The squeezed middle class received some attention from Washington policy makers last month during a symposium entitled “Building the Middle Class via Community Based Job Training – Workforce Development Organizations.”
Newton B. Sanon, president and CEO of Opportunities Industrialization Center of South Florida (OICSFL), organized the event with OIC of America (OIC) board of directors, its executive management team and OIC CEOs from around the country for a roundtable discussion in Washington with members of Congress, U.S. Senators and Gerri Fiala, deputy assistant secretary of Employment and Training Administration, a division of the U.S. Department of Labor.
Fiala agreed to continue to work with OIC to develop strategies and solicited the network’s feedback on five critical issues.
She wanted to know how OICs work with businesses to know the relevant training needed to give to participants; how to better align resources so that participants receive comprehensive support for them and their families; how best to spur innovation and promote best practices that can be implemented by practitioners in the field; how to build on the strengths of the apprenticeship model, while making it relevant for industries in the 21st century; and what are measures used to assess OIC’s impact.
Sanson sees skills development and job training as the way to pave a path to the middle class.
“As our nation has an aspiration to build the middle class, we must ask ourselves what are the characteristics of those below the middle class and prescribe a pointed strategy to bring this cohort to realizing vocational skills and in turn earn self-sustaining wages which would bolster the middle class,” said Sanon.
“Particularly in urban communities, this effort requires industry informed vocational training, however, this must be coupled with soft skills and other wrap around services at the grassroots community level, otherwise the separation of the haves and have nots will only widen and further burden this great nation.”
Members of Congress including Rep. Frederica Wilson (D) of Florida, heard his plea. She reiterated her commitment to keeping the conversation going about jobs in Washington.
“I came to Congress with a simple mantra: Jobs! Jobs! Jobs! To live up to that mantra, I have gone to the floor almost every day we’re in session to talk about the need for comprehensive jobs legislation, I have cofounded the Full Employment Caucus, and I have sponsored legislation including the American Jobs Act of 2013 to directly and immediately address our unemployment crisis,” Wilson said at the event on Feb. 27.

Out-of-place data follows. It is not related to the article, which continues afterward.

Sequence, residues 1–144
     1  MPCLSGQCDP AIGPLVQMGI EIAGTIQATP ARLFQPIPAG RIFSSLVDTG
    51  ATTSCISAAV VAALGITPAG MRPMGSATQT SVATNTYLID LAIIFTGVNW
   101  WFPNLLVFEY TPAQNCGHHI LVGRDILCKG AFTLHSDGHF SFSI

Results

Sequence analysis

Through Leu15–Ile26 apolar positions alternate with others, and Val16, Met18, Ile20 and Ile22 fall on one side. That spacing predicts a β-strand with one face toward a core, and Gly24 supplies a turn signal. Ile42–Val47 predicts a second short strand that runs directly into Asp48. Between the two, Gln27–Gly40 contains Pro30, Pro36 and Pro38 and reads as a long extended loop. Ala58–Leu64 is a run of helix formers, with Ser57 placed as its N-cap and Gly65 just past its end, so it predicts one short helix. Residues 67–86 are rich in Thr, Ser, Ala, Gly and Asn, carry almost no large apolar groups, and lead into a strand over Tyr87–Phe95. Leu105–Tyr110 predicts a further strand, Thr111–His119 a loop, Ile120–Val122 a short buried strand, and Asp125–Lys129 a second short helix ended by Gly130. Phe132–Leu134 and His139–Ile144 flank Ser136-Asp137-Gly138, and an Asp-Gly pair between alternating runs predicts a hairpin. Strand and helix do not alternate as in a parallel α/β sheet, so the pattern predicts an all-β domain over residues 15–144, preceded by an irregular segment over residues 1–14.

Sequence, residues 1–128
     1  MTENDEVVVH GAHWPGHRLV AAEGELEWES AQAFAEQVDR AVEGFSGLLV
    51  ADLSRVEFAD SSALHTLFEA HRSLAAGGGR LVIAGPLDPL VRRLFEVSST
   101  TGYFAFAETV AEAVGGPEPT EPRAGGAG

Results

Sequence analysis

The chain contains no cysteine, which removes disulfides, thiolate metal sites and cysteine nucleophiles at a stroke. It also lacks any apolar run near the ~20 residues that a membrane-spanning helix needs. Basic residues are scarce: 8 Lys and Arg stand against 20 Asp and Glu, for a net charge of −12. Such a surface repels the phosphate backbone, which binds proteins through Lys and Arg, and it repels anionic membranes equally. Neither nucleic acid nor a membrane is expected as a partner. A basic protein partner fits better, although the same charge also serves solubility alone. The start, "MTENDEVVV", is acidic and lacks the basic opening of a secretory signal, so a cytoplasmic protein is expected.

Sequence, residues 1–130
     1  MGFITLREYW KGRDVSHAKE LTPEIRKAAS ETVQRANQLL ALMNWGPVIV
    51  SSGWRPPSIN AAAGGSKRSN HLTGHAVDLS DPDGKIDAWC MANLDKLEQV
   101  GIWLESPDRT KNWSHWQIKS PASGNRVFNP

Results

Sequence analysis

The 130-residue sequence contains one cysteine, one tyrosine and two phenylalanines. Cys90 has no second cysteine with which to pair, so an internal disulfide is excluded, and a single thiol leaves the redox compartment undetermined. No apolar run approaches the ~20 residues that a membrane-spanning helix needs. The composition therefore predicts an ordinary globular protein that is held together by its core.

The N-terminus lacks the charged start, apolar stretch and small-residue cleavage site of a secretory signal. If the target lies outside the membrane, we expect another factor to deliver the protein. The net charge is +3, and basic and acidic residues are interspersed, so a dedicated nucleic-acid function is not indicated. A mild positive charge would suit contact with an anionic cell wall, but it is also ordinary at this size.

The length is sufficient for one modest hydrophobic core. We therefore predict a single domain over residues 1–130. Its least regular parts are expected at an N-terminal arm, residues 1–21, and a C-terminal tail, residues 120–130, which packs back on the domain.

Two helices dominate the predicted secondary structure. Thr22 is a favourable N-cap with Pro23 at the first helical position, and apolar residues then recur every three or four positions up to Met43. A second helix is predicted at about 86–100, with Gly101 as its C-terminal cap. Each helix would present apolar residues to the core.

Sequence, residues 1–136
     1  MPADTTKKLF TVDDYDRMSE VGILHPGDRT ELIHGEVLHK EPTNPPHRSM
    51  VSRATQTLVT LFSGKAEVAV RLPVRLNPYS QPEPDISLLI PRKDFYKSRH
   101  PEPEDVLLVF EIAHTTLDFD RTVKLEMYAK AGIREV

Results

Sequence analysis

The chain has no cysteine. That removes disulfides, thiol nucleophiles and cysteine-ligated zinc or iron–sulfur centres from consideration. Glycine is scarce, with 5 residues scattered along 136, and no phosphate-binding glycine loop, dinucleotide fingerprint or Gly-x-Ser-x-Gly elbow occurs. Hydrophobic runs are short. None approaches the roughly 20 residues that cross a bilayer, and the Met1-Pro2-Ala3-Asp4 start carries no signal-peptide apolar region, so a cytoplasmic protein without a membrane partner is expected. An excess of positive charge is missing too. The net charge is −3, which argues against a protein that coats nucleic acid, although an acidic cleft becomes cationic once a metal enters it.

Wilson acknowledged that the OICs help to provide the essential skills needed for people who want to enter or reenter the workforce.
“We have a skills gap in America today. While we need federal investment to rebuild infrastructure and jumpstart economic growth, we need programs like OIC to ensure people have the tools they need to fill existing vacancies. As a lifelong educator and member of the Education and Workforce Committee, this is an issue that’s close to my heart. And I want you to know that you can count on me as an advocate for job training,” Wilson said.
The purpose of the event was to initiate a dialogue between policymakers and OIC of America’s national network of community based workforce organizations with the goal of identifying strategies and partnerships that expand the workforce and further build the middle class.
OIC of South Florida is a workforce development organization. It helps people get ready to join the workforce, including those who had indiscretions in their past. OIC of South Florida, located in Fort Lauderdale, is led by Board Chairman, attorney W. George Allen.
Sanon, who served as the moderator of the symposium, restated the original goals of OICs.
“The late Rev. Dr. Leon Sullivan created OIC because of the needs of the community in order to ‘Help People, Help Themselves’ through comprehensive service offerings and skills training. This vision lives on at every OIC throughout the country and in South Florida.”